In the mid-1990s, an idea began making the rounds among the journalist set: This new computer thing called the internet was going to be big.

Many—if not most—established print-media behemoths resisted the ’net for a decade, to their detriment. A few forward thinkers at established periodicals embraced the idea. Alternative Press founder Mike Shea returned from 1997’s South by Southwest festival with a fresh subscription—to the notion the digital world was an important part of the future. He tasked AP’s then Editor in Chief Joe Banks to get the magazine on that internet thing.

Alternative Press turns 30 this year



Banks was a natural choice. He was an early adopter, AP’s first digital settler. The workaholic’s string of late nights in the office ran from 1989 to 1997, enveloping the alternative-rock era. At first, he phased out the magazine’s editorial coverage from ’80s dance acts, and held the door open for seminal alt-bands like Pixies. Soon, under his command, a squad of ace writers were turning in influential features about marquee groups like the Smashing Pumpkins and Beastie Boys. Even underground icon Ian MacKaye turned to Banks for advice. And Banks’ final lasting contribution to the magazine was the very website you’re reading.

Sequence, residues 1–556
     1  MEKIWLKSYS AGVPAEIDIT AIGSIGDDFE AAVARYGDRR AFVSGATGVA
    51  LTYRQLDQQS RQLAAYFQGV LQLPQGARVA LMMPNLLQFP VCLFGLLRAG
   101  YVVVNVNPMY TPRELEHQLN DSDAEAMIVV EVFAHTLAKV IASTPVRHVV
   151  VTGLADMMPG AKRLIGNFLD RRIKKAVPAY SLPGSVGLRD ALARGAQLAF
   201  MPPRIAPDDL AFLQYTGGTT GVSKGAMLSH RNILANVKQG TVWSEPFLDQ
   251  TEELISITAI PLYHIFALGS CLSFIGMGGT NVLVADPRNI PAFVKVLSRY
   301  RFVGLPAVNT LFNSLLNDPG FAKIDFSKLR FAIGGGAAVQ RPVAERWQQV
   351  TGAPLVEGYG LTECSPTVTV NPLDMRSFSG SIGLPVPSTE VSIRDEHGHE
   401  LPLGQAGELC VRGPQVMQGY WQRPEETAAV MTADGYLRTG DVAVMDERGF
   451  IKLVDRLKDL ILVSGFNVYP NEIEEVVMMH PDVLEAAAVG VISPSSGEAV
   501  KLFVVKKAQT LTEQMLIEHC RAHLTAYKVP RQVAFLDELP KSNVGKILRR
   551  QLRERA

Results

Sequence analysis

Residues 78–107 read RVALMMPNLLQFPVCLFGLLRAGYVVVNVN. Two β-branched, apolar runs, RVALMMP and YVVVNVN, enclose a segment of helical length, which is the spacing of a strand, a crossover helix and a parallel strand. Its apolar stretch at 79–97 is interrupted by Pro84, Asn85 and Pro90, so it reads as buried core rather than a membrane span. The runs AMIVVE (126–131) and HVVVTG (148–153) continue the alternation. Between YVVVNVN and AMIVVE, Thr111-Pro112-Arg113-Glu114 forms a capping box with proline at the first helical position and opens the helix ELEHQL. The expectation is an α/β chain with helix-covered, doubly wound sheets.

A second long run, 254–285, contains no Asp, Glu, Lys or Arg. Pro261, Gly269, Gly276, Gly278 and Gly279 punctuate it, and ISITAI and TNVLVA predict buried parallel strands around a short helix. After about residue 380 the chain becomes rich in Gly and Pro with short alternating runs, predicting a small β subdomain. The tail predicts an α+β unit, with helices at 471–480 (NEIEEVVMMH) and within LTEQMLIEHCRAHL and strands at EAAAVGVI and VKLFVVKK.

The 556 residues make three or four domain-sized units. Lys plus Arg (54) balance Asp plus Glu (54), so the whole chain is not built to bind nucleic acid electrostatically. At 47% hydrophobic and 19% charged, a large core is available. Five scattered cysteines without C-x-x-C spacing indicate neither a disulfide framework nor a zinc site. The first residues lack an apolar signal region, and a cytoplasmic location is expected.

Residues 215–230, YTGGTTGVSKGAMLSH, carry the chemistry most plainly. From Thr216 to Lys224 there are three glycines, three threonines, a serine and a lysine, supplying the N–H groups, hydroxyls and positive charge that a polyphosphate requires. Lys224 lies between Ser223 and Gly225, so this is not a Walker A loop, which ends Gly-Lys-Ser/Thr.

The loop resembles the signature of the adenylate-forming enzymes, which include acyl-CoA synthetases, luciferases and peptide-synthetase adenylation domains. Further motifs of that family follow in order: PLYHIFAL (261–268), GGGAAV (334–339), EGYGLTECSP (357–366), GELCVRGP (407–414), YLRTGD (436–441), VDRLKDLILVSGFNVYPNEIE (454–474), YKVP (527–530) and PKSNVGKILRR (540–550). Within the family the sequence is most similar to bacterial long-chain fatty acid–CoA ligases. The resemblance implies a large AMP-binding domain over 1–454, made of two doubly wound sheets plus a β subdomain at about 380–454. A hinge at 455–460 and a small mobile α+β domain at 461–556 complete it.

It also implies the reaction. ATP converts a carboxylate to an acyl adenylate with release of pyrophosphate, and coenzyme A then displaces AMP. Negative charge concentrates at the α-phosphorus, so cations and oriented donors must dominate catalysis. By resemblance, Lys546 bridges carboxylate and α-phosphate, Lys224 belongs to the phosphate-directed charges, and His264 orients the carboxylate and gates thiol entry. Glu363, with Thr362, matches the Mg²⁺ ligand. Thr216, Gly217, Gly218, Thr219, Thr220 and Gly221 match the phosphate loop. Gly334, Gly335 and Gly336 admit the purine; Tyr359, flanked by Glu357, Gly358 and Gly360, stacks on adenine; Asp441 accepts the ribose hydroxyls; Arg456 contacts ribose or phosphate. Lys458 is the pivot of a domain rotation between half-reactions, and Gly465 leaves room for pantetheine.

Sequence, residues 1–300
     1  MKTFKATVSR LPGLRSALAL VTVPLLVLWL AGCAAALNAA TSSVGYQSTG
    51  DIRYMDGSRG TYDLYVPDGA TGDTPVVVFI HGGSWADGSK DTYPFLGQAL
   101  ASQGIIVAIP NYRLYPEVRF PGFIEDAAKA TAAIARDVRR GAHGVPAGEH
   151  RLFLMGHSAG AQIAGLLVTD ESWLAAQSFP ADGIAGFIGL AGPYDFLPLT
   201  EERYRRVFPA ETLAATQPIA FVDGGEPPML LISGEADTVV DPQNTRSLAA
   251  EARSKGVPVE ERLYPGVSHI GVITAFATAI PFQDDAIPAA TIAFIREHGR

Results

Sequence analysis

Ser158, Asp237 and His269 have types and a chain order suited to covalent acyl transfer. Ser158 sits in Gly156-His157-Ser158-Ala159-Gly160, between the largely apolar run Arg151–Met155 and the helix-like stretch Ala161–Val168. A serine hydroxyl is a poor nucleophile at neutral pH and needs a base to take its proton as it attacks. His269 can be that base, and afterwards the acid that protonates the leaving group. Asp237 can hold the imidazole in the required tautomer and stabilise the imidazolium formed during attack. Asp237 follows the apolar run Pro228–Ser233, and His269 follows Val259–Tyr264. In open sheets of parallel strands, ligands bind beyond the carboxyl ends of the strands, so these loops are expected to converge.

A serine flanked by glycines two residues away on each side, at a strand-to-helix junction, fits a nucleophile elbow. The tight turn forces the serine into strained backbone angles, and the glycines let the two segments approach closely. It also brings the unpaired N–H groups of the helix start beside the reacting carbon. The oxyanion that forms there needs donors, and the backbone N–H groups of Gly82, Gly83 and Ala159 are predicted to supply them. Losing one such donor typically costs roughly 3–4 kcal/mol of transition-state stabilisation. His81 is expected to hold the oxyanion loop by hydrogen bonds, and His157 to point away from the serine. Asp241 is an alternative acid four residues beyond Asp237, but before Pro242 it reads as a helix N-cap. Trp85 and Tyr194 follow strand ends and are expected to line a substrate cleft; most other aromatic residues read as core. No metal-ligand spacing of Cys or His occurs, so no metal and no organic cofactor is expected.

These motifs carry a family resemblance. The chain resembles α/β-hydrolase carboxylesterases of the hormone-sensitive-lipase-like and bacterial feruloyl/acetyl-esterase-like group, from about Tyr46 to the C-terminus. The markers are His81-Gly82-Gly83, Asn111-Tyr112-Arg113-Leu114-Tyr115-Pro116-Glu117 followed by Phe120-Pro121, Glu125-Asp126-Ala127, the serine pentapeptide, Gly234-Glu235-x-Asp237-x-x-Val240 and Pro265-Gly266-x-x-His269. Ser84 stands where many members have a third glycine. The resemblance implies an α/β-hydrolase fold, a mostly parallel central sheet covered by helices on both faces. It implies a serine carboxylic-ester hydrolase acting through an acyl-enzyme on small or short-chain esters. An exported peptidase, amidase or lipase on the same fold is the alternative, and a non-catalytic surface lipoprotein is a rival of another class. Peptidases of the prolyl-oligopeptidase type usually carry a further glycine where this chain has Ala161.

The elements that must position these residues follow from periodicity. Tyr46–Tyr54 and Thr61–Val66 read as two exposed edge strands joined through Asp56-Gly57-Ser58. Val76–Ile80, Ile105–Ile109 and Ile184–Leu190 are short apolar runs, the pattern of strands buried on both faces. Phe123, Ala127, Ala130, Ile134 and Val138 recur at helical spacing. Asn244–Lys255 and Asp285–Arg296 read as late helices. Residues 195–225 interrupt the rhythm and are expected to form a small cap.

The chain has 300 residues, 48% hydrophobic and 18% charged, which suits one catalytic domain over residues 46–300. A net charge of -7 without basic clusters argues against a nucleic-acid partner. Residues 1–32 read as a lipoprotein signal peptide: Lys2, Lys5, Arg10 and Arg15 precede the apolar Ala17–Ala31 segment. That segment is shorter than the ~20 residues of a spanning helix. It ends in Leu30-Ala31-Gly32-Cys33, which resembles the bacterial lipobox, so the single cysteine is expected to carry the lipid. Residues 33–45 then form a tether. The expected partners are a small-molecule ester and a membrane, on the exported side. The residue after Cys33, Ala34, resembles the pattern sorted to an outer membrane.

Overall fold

“Joe Banks really helped create the voice that would come to be associated with AP and still is,” Shea once recalled. “That group of writers, it was like the Algonquin Roundtable. It was the Pitchfork of the time.”

What did you see as your mission for the job?
I helped writers get the best story they could and worked to organize the hell out of the magazine's editorial process—that was my niche. The best part was working with all of the writers who shared that inspiration—the fan worship of the musicians blasting onstage or through the office speakers. I had no career aspirations when I found out that AP was hiring in 1989—I learned being an editor on the job, with an ignorant, blissed-out, youthful determination, and through working with the staff, the photographers, the writers who brought something significant to the job, that helped AP last this long. Be part psychologist if necessary, inspire the writers, then get out their way.